The BWT in-tank softener is a different animal. It uses a decarbonizing (WAC) resin that softens by replacing calcium and magnesium with protons (Hydrogen ions) which then are neutralized by the bicarbonate in the water, so they lower the pH (i.e., acidify the water) and lower the alkalinity along with the hardness. The lower hardness, alkalinity, and pH all work towards making the water less scale prone. The exchange resin also contains some magnesium in place of hydrogen, so that some of the calcium is replaced by magnesium. To the extent that this happens (which is small, and a little variable) you get a drop in calcium hardness offset by an increase in magnesium hardness, which has no effect on GH, alkalinity, or pH. All together you expect a lower pH, about an equal drop in GH and KH, and some shift from calcium hardness to magnesium hardness. You will expect a small drop in TDS measurement with these.

This is the simplest and most straightforward way I've seen this explained. Thank you.

ohmer

#7: Post by ohmer »

I got an GH/KH aquarium test kit. I'm confused by the results.

When I asked the city what is the water hardness, they told me 120 mg/L. When I tested my tap water, I got:

GH: 80 mg/L (4x20mg)
KH: 60 mg/L (6x10mg)

Then I tested my in-tank water. I refilled the reservoir 12 hours before testing. I expected lower results but the results are the same as unfiltered water!? I wonder if the filter is working now...

Or maybe the test is not accurate? I got this test from Nutrafin: https://www.amazon.ca/gp/product/B00027ZVH8

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homeburrero
Team HB

#8: Post by homeburrero »

That sure looks like the pouch is not softening. Made me so curious that I just ordered a Rocket softener pouch from SCG so that I can give it a trial at home.

Your kit is not highly accurate, but even if the reagents are old I think that the fact that you got a color transition at the same drop count of titrant is pretty convincing that the hardness did not change much. A depleted filter would have that effect, but that seems unlikely with your not very hard water.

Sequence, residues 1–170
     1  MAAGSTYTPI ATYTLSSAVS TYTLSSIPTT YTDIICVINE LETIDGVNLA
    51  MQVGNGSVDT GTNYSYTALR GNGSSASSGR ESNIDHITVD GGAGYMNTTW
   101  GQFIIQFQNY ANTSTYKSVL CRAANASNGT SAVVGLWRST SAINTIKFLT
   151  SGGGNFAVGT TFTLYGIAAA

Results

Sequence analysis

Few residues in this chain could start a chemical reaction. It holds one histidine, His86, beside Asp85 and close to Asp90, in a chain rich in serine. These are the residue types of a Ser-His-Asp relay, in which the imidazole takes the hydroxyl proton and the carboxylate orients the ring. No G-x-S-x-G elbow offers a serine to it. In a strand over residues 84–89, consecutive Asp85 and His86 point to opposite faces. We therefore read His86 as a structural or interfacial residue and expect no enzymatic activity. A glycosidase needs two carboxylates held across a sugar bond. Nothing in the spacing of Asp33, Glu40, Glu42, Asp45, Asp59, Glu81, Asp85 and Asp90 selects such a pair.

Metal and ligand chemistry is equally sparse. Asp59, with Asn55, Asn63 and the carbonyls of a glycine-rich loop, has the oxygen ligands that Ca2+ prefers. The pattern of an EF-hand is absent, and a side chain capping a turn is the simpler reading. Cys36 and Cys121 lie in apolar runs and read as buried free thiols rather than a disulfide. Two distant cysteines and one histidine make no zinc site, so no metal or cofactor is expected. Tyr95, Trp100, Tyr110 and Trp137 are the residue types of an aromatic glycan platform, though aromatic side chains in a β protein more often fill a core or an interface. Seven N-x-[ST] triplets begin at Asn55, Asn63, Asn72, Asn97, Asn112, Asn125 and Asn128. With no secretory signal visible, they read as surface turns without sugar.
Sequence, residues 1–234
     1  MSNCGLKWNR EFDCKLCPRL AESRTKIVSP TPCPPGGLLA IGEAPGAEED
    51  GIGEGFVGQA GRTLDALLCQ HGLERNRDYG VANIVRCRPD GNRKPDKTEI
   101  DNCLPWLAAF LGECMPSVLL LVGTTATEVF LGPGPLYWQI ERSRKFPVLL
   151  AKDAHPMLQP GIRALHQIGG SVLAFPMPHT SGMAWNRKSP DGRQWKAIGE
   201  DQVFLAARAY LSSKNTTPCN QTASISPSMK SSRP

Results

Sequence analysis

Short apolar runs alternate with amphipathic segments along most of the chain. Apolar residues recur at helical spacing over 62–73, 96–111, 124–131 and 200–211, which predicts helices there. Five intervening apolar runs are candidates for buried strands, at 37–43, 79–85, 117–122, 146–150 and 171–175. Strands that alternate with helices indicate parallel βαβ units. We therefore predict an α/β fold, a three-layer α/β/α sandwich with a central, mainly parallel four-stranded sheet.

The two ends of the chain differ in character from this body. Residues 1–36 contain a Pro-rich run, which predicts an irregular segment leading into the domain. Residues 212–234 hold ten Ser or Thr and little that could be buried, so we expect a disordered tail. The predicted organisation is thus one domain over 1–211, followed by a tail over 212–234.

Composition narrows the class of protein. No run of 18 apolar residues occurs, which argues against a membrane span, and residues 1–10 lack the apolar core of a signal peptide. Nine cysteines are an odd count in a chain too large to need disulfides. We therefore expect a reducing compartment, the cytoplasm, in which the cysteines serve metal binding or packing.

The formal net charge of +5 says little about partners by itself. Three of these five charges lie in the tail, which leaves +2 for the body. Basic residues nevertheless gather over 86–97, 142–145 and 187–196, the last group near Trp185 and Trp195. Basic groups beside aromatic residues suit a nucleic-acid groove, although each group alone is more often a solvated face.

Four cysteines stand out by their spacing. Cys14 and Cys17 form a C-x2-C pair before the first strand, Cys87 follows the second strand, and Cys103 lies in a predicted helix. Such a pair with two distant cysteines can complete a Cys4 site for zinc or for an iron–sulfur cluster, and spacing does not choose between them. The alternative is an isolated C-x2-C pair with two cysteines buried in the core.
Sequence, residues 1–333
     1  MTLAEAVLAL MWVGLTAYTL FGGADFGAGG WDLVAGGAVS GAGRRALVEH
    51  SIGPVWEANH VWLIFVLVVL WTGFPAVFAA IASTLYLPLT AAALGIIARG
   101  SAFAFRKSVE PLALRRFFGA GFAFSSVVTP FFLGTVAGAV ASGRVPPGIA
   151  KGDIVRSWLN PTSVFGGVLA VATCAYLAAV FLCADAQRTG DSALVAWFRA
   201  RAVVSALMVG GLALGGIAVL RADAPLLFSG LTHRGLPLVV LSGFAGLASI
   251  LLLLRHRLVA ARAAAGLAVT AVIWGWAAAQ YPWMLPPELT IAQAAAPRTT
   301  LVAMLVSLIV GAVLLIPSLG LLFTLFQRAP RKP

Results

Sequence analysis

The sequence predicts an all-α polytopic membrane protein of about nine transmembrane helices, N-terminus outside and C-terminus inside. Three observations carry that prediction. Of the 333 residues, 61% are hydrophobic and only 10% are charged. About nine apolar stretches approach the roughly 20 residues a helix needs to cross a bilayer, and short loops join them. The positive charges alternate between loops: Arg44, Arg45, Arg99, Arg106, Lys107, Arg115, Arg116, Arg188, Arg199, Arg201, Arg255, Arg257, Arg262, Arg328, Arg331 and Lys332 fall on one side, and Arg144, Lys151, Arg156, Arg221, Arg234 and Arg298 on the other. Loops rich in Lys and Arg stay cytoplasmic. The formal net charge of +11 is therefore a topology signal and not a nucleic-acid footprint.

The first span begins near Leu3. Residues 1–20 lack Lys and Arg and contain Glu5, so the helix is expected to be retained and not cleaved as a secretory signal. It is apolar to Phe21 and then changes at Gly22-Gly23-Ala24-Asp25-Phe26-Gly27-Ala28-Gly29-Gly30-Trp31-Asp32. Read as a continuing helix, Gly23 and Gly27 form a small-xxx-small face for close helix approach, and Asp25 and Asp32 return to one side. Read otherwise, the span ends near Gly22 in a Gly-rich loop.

Eventually I'll report what I learn on this thread.

P.S. (edit addition)
The Rocket product (filtro osmotic scale reduction) is insufficiently documented by everyone who sells it, but I'm 99% sure that it's a rebranded Bilt O.SCA.R, 90.

The OSCAR one is sold and well documented by Stefano's site: https://www.espressocare.com/products/i ... ener-pouch. It's simply a conventional sodium ion exchange resin with about a 600 grain capacity, treated with silver so as to resist microbial growth. It's not a scale inhibitor, just a conventional softener so we should be able to evaluate it with simple GH test kits.
Pat
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mycatsnameisbernie

#9: Post by mycatsnameisbernie »

I use the BWT pouches. I got the API GH & KH test kit to verify their operation. The pouches reduce my GH from 8 drops (about 130ppm) to 4 drops (about 65ppm).

ohmer

#10: Post by ohmer »

homeburrero wrote:That sure looks like the pouch is not softening. Made me so curious that I just ordered a Rocket softener pouch from SCG so that I can give it a trial at home.

Your kit is not highly accurate, but even if the reagents are old I think that the fact that you got a color transition at the same drop count of titrant is pretty convincing that the hardness did not change much. A depleted filter would have that effect, but that seems unlikely with your not very hard water.

Eventually I'll report what I learn on this thread.
Cool. Let me know the results.
homeburrero wrote:P.S. (edit addition)
The Rocket product (filtro osmotic scale reduction) is insufficiently documented by everyone who sells it, but I'm 99% sure that it's a rebranded Bilt O.SCA.R, 90.

The OSCAR one is sold and well documented by Stefano's site: https://www.espressocare.com/products/i ... ener-pouch. It's simply a conventional sodium ion exchange resin with about a 600 grain capacity, treated with silver so as to resist microbial growth. It's not a scale inhibitor, just a conventional softener so we should be able to evaluate it with simple GH test kits.
I remember seeing something about OSCAR on the rocket filter packaging.